“This is the first time I am going to meet any client after the lockdown ended. There have been few, almost none, these days,” she says. “Those who do come to us now, in this pandemic period, mostly can’t be trusted. Earlier, we only had to take precautions to stay clear of HIV and other [sexually transmitted] diseases. Now, there is this corona too. This entire lockdown has been a curse for us. No earnings at all – and all our savings have gone. I could not even get my medicines [anti-fungal creams and lotions] for two months because we could barely afford the food to survive,” says Honey, as she calls out to her husband to bring out his motorbike and drop her to the hotel.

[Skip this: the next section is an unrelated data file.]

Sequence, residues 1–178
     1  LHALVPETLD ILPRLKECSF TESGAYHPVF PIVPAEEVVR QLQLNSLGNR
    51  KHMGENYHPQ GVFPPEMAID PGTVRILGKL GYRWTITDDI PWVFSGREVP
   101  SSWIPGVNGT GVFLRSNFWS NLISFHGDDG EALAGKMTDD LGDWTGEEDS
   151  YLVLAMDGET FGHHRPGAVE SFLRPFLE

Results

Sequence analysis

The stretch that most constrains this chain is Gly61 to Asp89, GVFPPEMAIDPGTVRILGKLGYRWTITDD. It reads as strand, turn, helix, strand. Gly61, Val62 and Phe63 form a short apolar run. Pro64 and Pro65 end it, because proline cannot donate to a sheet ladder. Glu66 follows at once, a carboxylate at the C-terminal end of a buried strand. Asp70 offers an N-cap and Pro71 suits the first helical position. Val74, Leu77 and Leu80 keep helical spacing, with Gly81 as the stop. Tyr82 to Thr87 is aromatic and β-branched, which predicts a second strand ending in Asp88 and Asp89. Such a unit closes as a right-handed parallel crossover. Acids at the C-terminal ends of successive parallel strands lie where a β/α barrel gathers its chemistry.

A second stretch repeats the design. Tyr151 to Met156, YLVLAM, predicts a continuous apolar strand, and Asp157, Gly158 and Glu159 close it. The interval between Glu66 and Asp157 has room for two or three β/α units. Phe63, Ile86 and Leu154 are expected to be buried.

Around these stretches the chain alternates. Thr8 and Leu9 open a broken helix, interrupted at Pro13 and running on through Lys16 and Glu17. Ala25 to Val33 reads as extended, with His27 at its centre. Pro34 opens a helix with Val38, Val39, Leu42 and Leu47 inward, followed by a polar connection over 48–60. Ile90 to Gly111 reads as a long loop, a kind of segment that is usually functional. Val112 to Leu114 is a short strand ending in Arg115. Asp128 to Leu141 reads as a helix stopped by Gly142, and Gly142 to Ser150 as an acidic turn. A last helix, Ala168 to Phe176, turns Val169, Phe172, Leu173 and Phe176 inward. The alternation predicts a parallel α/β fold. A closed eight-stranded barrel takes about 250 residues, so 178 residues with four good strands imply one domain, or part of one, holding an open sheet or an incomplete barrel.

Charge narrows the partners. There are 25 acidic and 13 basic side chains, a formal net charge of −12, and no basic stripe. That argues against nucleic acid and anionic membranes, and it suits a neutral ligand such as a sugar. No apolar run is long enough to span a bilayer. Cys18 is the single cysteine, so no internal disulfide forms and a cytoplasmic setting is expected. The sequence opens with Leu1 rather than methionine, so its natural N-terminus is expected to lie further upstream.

PARI and CounterMedia Trust's
nationwide reporting project on adolescent girls and young women in rural India
is part of a Population Foundation of India-supported initiative to
explore the situation of these vital yet marginalised groups, through the
voices and lived experience of ordinary people.
Jigyasa Mishra reports on public health and civil liberties through an independent journalism grant from the Thakur Family Foundation. The Thakur Family Foundation has not exercised any editorial control over the contents of this reportage.